Vaccaro cuts under the guard and fullback, dropping them like dominoes and forcing the runner inside. This gives the Longhorns defense a better chance to flow to the ball carrier and prevent the fleet-footed Pierson from beating their pursuit angles. There’s no box-score glory for Vaccaro on this play, but his effort is a vital part of good defensive football.
Here’s a hint of Vaccaro’s athleticism and aggressive style of play. This is a third-and-8 with 11:56 in the first half of the Cal game. Vaccaro is over Keenan Allen in the slot. Allen reads that Vaccaro is blitzing off the corner and Cal makes an adjustment to its protection. The offense sends running back Iso Sofele to pick up Vaccaro’s pressure from this 11-personnel, weak-side trips set.
The runner and the line work outside to that edge. Instead of working around or through the running back, Vaccaro times his leap like Sofele is the hurdle in the steeplechase, landing two feet from the quarterback.
Vaccaro finishes the drill by turning his pads square to the quarterback and bringing the passer to the turf. This isn’t the greatest hurdle in football history, but the point of this play is to illustrate Vaccaro’s willingness to play with abandon and throw his body around.
Here’s a second-and-3 with 10:20 in the third quarter. Vacarro is coming off the edge to get pressure on Cal’s Zach Maynard. The design of this play is a boot towards the free safety, but Maynard has to turn tail in the opposite direction because of Vacarro’s pressure.
Vacarro does a good job of getting his inside shoulder under the pads of his opponent and bending his lower body at a sharp enough angle to get the corner.
This leaves Maynard with few alternatives, and those he has will need to be executed post-haste. The quarterback turns away from pressure and makes a rushed throw that Longhorns (now Cleveland Browns) linebacker Emmanuel Acho comes within inches of intercepting in the red zone.
Vaccaro plays with an edge. Sometimes that edge crosses the line from aggressive to undisciplined. With 40 seconds left in third quarter against Kansas, running back James Sims takes a run to left end and gains six yards behind good blocks. Vaccaro wraps Sims high, around the neck, and with his left hand dangerously close to the runner’s facemask as he rides Sims out of bounds. This is the second play of the game where he wraps a runner high (more ahead).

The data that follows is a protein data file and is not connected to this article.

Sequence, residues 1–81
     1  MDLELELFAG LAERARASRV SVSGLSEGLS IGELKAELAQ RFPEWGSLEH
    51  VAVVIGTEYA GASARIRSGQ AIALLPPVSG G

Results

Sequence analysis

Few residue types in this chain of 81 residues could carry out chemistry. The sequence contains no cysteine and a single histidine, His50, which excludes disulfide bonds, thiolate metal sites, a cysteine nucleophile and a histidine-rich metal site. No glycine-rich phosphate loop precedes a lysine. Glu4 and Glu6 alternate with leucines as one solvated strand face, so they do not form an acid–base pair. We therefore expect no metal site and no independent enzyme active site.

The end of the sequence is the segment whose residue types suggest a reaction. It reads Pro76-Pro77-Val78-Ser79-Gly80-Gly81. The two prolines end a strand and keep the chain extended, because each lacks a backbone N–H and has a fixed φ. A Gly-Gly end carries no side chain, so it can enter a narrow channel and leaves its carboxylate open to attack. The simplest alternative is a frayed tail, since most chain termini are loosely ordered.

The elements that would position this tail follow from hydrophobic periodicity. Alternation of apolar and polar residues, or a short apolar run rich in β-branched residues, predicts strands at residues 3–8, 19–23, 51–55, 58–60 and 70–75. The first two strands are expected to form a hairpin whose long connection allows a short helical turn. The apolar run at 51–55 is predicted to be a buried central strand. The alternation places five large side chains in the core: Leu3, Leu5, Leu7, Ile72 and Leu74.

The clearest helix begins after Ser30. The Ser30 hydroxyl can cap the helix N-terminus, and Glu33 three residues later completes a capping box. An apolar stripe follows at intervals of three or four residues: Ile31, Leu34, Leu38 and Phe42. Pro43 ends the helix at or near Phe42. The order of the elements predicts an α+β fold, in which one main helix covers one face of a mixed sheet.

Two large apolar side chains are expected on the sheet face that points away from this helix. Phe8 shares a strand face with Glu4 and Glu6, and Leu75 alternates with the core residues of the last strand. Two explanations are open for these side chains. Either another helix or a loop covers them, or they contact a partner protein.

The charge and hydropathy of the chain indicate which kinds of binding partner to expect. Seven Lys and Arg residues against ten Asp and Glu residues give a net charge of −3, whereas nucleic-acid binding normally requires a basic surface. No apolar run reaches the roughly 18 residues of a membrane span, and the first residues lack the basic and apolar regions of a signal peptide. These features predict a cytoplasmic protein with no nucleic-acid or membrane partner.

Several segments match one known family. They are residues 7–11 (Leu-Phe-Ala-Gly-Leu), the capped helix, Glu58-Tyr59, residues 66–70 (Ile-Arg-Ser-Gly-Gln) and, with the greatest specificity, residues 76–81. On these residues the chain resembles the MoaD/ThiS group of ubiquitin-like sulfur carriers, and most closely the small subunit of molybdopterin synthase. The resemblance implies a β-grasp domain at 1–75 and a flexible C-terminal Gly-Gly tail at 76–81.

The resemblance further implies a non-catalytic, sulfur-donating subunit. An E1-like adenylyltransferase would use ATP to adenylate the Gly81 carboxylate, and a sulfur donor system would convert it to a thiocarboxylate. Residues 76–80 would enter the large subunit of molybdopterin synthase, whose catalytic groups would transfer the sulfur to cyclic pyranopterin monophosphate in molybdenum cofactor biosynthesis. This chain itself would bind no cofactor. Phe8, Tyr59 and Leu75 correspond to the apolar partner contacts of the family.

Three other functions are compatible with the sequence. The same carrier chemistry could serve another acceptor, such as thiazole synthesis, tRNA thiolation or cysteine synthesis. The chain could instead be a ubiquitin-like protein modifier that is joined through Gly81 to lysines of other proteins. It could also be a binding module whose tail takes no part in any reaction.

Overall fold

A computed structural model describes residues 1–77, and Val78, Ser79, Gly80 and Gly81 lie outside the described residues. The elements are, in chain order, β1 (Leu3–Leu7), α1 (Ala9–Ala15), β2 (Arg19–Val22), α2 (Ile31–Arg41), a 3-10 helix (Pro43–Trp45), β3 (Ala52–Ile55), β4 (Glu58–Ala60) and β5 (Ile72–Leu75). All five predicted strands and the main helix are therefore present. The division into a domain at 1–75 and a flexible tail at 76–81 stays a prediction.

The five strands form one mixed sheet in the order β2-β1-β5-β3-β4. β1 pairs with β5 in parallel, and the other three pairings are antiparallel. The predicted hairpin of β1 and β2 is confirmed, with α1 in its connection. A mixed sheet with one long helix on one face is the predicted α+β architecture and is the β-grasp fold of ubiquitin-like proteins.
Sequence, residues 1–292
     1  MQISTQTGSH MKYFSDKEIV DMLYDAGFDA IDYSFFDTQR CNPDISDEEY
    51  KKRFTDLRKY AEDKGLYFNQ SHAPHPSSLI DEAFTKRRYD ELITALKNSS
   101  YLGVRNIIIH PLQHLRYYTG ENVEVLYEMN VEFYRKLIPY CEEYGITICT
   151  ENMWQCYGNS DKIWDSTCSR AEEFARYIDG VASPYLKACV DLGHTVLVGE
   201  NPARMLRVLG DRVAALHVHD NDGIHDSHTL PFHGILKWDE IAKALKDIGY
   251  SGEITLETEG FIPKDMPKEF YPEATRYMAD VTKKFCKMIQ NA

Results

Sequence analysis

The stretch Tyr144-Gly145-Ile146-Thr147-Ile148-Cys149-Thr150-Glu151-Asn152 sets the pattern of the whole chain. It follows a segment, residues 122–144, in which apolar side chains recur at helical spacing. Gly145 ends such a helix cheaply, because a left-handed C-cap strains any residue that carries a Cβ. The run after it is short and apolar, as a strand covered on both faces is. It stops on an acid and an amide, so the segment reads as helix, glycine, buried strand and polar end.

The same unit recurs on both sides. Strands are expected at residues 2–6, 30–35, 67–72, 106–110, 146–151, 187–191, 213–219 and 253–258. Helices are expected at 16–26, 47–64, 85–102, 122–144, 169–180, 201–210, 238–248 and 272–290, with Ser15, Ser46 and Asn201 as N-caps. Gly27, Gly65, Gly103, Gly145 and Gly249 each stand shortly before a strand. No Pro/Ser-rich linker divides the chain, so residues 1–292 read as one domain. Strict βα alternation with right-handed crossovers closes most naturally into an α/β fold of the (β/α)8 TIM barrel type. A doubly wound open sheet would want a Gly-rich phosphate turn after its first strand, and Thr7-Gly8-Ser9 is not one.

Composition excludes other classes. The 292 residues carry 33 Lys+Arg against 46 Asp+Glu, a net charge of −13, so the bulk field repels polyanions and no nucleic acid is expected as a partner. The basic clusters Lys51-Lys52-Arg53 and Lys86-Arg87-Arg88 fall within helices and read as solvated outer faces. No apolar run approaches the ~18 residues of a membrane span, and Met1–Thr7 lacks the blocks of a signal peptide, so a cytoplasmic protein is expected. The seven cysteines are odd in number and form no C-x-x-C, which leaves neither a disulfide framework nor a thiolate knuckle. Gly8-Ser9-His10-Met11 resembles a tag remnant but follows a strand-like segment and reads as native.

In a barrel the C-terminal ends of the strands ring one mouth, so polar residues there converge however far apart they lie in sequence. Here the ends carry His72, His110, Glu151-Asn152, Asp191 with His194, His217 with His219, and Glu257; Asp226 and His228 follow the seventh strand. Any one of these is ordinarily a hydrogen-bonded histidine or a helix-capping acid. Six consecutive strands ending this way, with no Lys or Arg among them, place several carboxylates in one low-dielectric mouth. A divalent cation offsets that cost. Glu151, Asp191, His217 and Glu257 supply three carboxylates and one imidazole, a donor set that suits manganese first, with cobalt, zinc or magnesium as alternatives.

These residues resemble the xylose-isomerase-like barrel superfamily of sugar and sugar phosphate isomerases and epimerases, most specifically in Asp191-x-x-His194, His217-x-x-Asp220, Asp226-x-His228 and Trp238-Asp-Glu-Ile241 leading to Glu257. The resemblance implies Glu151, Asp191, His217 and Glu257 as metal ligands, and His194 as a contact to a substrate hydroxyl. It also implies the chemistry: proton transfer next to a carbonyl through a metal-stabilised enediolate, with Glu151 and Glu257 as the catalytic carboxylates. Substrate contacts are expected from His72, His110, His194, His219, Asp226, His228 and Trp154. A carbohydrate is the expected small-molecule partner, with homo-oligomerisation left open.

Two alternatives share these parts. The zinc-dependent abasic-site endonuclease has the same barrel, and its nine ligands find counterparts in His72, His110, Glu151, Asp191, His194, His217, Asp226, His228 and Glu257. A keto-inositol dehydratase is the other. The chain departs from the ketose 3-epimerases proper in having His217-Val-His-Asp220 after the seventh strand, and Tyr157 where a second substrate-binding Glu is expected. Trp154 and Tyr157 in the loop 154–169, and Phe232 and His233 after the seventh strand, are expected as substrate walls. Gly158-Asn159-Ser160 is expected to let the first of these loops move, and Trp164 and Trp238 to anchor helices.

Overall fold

He also tries to spear his opponent on the opening play versus West Virginia. Vaccaro is within range of running back Andrew Buie falling to the ground and opts to "give a little extra to send an opening-play message." Many teams will like basic intensity and aggression, but Vaccaro will need to keep it in check. Otherwise, he can generate the type of game-changing penalties that have plagued the Lions defense in recent years.
A free safety has to demonstrate the speed to function as his defense’s last line. Here are two plays where Vaccaro displays both vertical and sideline-to-sideline speed to run down ball carriers. The first is a 64-yard run with 13:40 in the first half of the Longhorns' 2012 matchup with the Kansas Jayhawks.
James Sims is the type of back with enough speed to get into the secondary. If the defense is caught in a blitz with eight or more defenders in the box, Sims can take a play 40-to-60 yards to the house. This particular run is a second-and-10 zone play from a 1x3 receiver, 10-personnel shotgun set with nine Longhorn defenders within four yards of the line of scrimmage. A perfect scenario for a big run if the Jayhawks execute –- and they do.
Vaccaro works up the hash to take the inside slot receiver at the snap. As he diagnoses this as a run up the middle, Sims has a huge hole up the middle to the opposite side of the field.
As Sims reaches the first down marker he’s quick enough to split two Texas defensive backs. Vaccaro is one of them, mostly because he's still dealing with the slot receiver slowing his pursuit to the crease Sims has reached.
The pursuit of two Longhorns teammates and two Jayhawks receivers engulfs Vaccaro as Sims passes through the second level of the Longhorn defense. It’s easy to presume that Vaccaro will no longer be a factor in this play. But when Sims bounces the play to the flat, Vaccaro manages to hurdle a fallen teammate and closes the gap on the runner.